Exposure Stacking Tutorial in Adobe Photoshop

Exposure stacking is the process of taking multiple photos with different types of lighting and exposure settings, then blending them together into one photograph. This technique is used frequently in night photography, when a photographer wants to capture an object in the foreground while also capturing the night sky. Because the lighting of the foreground object obscures visibility of the sky, many different photos must be taken with various lighting and exposure settings to achieve this effect. In the following video, Russell Brown explains the process of exposure stacking in Adobe Photoshop CS6:

Russell captured each photo using a Canon 5D Mark II, an interval exposure unit, a strobe light and a tripod. Each photograph was taken in the exact same position. He first took three photographs of the foreground, lighting it in different areas each time. Next, he took four photos of the night sky with four minute exposures each. Once blended in post production, these photos show the movement of the stars over a span of sixteen minutes.

russell brown exposure stacking night photography

After importing each photo into a single Photoshop document as layers, you can then select all layers and change the blend mode to “Lighten.” This blend mode takes the lighting of each photo and merges it together. You can then change the visibility of each layer to experiment with how the photograph changes, or you can use a layer mask and hide parts of each layer until you have the desired effect. This technique isn’t for night photography alone; it can also be used to introduce multiple forms of lighting into any type of photograph.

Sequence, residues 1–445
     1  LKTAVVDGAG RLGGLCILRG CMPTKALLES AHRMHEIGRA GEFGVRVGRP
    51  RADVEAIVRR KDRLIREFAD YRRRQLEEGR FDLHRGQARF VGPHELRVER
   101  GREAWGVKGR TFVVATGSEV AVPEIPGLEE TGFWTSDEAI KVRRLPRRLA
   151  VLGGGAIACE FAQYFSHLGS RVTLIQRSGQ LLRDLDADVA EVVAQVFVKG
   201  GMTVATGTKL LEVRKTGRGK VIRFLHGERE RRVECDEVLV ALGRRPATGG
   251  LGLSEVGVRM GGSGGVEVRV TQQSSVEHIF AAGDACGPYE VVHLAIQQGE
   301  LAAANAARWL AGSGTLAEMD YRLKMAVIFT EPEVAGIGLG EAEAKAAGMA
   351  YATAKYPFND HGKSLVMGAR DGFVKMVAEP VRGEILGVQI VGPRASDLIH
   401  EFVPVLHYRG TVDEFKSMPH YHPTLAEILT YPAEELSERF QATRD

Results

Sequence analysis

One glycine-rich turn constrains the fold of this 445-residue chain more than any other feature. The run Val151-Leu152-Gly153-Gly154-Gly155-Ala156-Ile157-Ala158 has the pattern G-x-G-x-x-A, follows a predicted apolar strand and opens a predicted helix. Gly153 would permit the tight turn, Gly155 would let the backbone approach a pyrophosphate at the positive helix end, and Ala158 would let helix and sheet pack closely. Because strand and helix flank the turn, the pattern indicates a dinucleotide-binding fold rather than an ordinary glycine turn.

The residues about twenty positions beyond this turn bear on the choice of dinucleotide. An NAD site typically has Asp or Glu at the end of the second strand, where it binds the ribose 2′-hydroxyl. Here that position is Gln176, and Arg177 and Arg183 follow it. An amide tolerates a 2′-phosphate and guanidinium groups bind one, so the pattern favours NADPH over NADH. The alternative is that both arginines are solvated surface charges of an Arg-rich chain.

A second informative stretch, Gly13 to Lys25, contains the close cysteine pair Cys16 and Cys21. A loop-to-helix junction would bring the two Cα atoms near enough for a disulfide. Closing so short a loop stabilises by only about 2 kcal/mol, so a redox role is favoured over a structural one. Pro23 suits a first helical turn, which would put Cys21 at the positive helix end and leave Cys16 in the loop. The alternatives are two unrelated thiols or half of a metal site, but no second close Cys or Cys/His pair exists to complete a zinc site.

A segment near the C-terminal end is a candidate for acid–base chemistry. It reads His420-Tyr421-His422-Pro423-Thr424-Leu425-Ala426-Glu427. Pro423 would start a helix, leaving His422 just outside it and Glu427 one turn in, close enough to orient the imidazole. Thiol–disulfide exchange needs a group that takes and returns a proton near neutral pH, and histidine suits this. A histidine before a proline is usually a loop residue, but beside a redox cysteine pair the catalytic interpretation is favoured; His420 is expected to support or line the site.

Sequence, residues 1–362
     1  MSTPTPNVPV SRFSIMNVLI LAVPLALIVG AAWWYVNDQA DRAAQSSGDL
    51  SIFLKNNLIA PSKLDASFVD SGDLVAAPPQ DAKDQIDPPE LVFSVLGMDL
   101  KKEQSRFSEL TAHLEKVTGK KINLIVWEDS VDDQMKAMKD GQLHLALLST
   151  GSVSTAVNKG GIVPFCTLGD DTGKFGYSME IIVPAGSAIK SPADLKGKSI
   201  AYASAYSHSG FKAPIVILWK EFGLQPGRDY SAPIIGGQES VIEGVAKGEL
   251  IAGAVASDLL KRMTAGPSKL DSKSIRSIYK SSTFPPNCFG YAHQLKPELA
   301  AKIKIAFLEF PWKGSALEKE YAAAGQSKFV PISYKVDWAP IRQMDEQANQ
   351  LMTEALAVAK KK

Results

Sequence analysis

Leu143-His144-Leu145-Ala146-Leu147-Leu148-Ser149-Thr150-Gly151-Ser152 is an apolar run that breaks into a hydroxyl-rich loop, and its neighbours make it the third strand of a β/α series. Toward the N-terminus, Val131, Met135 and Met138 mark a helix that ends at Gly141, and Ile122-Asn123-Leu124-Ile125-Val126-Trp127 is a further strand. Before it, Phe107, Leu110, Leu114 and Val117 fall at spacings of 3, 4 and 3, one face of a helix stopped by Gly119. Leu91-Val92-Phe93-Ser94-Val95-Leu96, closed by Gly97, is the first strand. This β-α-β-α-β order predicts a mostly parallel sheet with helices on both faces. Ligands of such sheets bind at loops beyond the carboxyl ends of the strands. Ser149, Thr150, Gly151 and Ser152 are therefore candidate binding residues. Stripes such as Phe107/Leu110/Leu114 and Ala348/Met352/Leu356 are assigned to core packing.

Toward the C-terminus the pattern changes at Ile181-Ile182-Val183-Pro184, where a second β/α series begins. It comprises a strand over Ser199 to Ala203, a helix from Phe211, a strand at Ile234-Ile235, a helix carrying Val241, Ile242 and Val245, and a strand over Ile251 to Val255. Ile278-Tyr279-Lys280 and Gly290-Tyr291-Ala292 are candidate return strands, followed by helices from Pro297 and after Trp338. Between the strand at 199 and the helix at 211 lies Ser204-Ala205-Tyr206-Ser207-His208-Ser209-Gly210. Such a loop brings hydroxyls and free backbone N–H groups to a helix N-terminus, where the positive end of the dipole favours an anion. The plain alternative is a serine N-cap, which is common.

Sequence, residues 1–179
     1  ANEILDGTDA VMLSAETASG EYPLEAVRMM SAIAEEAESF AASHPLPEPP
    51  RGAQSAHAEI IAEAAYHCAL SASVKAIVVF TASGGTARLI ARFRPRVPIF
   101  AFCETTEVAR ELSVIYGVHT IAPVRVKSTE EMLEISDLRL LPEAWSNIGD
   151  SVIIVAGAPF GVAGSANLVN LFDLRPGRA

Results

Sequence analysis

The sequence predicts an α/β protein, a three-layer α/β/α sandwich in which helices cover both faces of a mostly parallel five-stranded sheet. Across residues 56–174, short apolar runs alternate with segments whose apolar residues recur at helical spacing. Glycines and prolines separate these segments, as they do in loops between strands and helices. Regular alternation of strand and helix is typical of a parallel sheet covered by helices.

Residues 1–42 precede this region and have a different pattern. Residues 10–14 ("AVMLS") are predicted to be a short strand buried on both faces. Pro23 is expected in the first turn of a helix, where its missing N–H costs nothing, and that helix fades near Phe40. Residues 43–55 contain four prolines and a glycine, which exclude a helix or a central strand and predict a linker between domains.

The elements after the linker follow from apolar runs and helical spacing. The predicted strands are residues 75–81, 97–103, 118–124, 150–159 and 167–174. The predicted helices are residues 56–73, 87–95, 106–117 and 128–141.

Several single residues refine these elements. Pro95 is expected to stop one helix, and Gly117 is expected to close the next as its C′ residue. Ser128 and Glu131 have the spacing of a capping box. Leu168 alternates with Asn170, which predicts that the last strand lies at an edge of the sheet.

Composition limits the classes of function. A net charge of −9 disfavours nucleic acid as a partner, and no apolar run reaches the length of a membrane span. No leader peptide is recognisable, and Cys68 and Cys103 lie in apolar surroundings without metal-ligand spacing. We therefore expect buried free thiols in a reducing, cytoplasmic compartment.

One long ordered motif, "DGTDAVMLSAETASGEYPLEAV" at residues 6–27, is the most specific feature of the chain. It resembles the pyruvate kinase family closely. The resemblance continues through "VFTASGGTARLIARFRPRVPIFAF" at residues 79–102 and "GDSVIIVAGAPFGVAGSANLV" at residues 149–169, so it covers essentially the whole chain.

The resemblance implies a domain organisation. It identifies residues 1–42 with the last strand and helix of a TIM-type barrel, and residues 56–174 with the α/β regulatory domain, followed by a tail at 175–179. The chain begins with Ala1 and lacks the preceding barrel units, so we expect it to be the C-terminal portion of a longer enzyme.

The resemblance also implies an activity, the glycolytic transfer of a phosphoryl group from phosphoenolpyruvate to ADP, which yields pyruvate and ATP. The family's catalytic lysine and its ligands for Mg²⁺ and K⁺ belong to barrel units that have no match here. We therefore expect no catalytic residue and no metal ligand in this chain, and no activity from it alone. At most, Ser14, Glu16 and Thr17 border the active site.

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3 responses to “Exposure Stacking Tutorial in Adobe Photoshop”

  1. Chris says:

    CC at $4.99 or even at £4.99 a month would be aceptable,paying anymore is a rip off

  2. Reimage says:

    Excellent Work Thank You

  3. Exposure stacking and blending are two types of techniques that are mostly mixed up.

    What you describe here is exposure blending, or HDR (High Definition Range), and not stacking. Blending is a technique that I use commonly to get a nice and non over- or under exposed image.
    Exposure stacking is another technic where you take multiple shots with exact the same exif (mostly with long exposures) and stack them together to get less noise and a more smooth surface. I also use this technique a lot with astro photography, but it can also be used to shoot nature or architecture.

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